Like a dog with a bone, UK media watchdog Ofcom continues to gnaw away at the Blair administration's proposals for funding of state-owned broadcaster, the BBC.

In its latest intervention the regulator recommends the government to increase the licence fee income - currently £2.8 billion ($5.14bn; €4.17bn) paid annually by TV owning households - and give the extra cash to the corporation's commercial rivals to finance their public service output.

Ofcom's comments, contained in its response to the Department of Culture, Media and Sport's proposals for future BBC funding, are sure to antagonise the broadcaster, which has made clear its "fundamental opposition" to any diversion of the licence fee.

The government has pledged to guarantee the BBC's licence income until 2016 with a review in 2012.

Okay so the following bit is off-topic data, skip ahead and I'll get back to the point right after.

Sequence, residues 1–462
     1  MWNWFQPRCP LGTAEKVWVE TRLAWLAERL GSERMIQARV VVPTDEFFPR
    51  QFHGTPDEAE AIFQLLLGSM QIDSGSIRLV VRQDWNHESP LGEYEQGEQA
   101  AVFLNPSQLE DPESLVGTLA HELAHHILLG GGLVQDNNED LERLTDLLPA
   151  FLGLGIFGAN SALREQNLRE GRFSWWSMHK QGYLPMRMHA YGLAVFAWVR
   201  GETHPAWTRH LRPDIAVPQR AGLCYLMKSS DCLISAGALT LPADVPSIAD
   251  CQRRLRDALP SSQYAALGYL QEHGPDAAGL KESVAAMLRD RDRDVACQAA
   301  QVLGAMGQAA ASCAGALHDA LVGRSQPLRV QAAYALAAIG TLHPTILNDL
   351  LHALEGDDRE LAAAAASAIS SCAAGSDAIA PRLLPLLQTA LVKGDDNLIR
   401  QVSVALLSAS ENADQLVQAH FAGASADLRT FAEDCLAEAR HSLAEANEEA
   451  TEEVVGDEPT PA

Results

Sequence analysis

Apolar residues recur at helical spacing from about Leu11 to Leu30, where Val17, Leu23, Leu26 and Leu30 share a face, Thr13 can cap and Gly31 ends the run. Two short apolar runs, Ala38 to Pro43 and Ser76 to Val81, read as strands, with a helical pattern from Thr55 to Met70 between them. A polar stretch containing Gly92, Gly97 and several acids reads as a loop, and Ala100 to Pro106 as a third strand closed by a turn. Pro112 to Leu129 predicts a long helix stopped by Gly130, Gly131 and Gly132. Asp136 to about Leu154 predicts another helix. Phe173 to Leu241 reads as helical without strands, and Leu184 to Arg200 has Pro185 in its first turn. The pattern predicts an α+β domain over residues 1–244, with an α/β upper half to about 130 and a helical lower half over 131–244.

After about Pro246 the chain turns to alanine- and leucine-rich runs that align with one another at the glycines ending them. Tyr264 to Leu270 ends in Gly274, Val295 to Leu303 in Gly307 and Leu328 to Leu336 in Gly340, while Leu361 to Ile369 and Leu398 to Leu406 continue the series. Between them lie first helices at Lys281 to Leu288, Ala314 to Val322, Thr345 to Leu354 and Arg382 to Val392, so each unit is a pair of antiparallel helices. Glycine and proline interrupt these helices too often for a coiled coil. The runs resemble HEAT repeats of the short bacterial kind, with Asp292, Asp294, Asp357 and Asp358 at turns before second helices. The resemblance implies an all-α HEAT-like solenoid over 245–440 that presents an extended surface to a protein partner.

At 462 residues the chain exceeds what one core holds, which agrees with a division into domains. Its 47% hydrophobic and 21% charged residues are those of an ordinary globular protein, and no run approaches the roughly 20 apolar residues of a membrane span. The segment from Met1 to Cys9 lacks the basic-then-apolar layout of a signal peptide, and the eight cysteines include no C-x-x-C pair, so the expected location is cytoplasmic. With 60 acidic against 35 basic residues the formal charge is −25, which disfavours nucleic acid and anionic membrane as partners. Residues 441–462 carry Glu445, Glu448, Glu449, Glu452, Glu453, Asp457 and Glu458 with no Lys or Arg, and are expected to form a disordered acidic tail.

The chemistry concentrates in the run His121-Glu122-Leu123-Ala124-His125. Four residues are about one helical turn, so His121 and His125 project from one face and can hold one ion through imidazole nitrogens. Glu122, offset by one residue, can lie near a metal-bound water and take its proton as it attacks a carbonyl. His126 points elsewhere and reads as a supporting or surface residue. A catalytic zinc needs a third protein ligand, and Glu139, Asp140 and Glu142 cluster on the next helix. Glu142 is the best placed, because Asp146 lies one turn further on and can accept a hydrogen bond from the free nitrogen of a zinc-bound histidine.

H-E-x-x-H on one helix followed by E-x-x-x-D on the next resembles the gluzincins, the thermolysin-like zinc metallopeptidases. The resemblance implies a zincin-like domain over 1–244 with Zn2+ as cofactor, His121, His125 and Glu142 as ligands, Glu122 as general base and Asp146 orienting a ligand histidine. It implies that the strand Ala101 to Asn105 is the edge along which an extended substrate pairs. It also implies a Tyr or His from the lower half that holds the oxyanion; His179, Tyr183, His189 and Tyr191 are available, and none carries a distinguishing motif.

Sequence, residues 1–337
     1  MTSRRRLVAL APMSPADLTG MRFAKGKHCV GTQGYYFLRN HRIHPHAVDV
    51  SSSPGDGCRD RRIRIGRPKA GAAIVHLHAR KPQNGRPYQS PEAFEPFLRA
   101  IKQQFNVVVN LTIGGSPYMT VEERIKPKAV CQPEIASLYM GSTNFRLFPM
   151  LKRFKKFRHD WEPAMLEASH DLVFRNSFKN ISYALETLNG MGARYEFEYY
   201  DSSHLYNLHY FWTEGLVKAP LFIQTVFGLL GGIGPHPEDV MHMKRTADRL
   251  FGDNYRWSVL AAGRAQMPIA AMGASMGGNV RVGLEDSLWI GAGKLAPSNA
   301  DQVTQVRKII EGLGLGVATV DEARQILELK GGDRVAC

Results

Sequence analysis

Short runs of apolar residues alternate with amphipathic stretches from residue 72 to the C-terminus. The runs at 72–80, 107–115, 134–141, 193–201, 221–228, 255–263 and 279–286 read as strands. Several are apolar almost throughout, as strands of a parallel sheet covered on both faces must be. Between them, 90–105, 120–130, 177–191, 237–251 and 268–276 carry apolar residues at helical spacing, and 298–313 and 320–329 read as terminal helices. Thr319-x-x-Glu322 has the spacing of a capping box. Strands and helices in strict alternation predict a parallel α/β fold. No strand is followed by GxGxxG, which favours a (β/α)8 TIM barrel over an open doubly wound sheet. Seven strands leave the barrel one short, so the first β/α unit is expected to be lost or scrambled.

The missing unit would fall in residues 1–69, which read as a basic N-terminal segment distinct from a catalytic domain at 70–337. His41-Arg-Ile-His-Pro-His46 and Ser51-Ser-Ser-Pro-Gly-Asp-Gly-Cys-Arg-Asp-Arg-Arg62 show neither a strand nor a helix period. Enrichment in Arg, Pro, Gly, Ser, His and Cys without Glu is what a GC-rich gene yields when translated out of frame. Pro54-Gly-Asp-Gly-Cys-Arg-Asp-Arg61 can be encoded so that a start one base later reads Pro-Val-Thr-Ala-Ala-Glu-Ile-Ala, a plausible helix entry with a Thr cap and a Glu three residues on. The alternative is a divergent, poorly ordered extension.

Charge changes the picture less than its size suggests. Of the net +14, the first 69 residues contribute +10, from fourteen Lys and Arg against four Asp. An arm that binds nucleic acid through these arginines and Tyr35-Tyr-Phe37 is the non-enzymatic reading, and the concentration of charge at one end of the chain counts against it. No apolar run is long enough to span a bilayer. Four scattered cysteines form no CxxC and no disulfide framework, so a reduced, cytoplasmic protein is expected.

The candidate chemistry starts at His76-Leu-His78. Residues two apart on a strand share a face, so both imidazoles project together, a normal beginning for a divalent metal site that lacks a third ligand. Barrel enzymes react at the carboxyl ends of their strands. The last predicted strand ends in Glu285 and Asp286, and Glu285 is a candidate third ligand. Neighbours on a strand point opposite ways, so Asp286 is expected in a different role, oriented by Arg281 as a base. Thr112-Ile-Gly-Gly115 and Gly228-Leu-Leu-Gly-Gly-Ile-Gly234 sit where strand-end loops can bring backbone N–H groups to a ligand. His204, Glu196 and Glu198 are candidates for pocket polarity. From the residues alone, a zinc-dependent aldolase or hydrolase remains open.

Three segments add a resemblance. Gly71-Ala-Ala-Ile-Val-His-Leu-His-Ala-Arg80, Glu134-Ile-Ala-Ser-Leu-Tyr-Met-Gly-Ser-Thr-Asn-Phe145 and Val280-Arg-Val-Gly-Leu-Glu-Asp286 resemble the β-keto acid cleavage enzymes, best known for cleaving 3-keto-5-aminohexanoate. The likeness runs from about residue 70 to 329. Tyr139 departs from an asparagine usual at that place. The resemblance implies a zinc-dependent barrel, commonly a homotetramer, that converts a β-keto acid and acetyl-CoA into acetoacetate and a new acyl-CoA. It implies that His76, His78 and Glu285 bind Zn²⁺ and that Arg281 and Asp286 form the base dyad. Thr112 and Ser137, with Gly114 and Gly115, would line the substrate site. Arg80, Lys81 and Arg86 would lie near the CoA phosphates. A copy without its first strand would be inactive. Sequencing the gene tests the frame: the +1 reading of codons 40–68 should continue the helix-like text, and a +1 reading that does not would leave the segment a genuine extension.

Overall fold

Ofcom points out 2012 is the deadline for analogue signal switch-off and the predicted seismic shift in broadcasting. It proposes the funding review should be brought forward to 2010.

It says: "Prior planning and early action are needed to help ensure that other public service broadcasting providers remain in the system alongside the BBC."

The regulator is happier with the DCMS's vision of how the BBC should be run: the current board of governors to be replaced by a trust, chaired by BBC chairman Michael Grade, and an executive board.

However, Ofcom proposes that the trust should evolve into an "independent body, external to the BBC and with responsibilities beyond the BBC".

The ball is now in the government's court.

Data sourced from multiple origins; additional content by WARC staff